Here's my sketch. It has a little bit of everyone's suggestions. Jacket for Jonatha, Celestine and Christina. Big collar for MoHub, which is kind of an infinity scarf for Quiana. SEE, you can please all the people all the time!
And while I could make the pattern from scratch, I don't have time really. And why should I when there are so many great patterns out there. Ever since I learned how to make patterns of my own, I'm more willing to pay for a good commercial pattern. Making a pattern takes so much time!
This Vogue pattern # 8778 should get me started. The envelope says it takes 2 1/4 yards of 60" fabric and my piece is only 2 yards, but we all know patterns usually ask for more fabric than is actually needed. I don't want the collar quite that large and I want to reshape it a bit. I want the sleeves all one fabric and I want buttons and loops instead of a zipper. Also, I have added band at the bottom. If I don't have enough fabric, and maybe even if I do, I can get some winter white wool for the collar and bottom band. I would love to find some really fun buttons, or maybe I can make some.
Let's hear it for stylish "at home" clothes.
Pillows are done!
Well, I put my nose to the grindstone and made made my pillows over the weekend.
And the upholsterers came and took away the two Queen Ann's chair for recovering and refurbishing. They are 20 years old and need new springs and new foam. I am so looking forward to when they come back. They will be better than they were when new.
So, let me show you how I made these pillows. I started with the one in the middle.
I only bought a half yard of this fabric. I knew I wanted a rectangular pillow. When I started to make it, I looked at the pattern on the fabric and let that determine the size the pillow would be. I made is as large as possible while still keeping the diamonds and dots centered. The measurement ended up being 18 1/2" x 12 1/8". Good thing I am making my own pillow forms with muslin and loose stuffing. That is most definitely NOT a standard size. I added 1" in each direction for a 1/2" seam allowance all around and cut 2 pieces of muslin and 2 pieces of my pillow fabric 19 1/2" x 13 1/8".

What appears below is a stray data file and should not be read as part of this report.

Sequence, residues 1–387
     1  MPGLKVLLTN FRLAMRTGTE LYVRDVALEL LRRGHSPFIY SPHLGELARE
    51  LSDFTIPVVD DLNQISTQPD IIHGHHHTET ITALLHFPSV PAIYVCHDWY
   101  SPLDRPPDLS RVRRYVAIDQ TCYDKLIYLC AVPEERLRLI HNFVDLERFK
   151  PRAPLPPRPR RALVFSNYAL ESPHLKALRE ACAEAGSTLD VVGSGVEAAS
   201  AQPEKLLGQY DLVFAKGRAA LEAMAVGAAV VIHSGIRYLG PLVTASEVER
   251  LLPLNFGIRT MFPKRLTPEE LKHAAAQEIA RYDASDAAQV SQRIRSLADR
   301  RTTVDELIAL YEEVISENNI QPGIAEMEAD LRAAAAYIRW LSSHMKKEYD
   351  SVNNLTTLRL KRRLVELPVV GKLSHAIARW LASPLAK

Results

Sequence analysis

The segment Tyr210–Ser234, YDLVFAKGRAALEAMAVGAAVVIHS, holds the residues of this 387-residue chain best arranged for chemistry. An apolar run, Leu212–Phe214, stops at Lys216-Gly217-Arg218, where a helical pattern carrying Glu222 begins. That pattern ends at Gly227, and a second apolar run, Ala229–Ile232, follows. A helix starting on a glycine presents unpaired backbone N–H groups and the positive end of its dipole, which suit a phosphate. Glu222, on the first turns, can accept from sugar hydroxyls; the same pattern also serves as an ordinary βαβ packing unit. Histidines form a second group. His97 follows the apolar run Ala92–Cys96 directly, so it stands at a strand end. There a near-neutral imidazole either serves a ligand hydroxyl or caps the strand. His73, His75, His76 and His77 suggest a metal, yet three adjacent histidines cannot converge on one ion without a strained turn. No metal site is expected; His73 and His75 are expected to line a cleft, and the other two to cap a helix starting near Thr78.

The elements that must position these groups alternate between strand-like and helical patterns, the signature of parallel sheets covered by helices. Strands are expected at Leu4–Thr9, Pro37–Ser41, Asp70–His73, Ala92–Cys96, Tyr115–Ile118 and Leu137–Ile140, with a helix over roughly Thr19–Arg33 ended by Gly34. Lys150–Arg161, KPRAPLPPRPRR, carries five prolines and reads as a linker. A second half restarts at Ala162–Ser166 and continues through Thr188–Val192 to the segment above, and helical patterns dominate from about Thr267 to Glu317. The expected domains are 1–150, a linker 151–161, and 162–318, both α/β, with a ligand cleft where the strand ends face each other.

Then other two pillows will be a little more work, because they have fringe in the seams and the two pillows need to look the same.
Read last Thursday's blog for the explanation of how I decided on the size for these two pillows.
A day of preparation
I got a lot done yesterday, but nothing really to show. It was a day of preparing ... for many things.
And, things have gotten busy again for me, so I'm having to stretch out this pillow sewing. I really want to get them done over the weekend ... company coming!
But, Simplicity's got me going on next year's Halloween a little earlier than usual. So, I'm doing a lot of sketching and shopping I can't talk about right now. I will show you the contents of one box that came yesterday to get your imagination going.
And, I starting planning for another thing ...
It will be fun feeding everyone this year. Both my boys will be home and I get to feed a marathon runner (my very impressive daughter-in-law)! I can cook LOTS of food.
I was so wiped out last night though, I didn't want to cook. So, I heated up this package of stuff (it wasn't very good ... sigh). But, it had a word I never saw before which made me smile.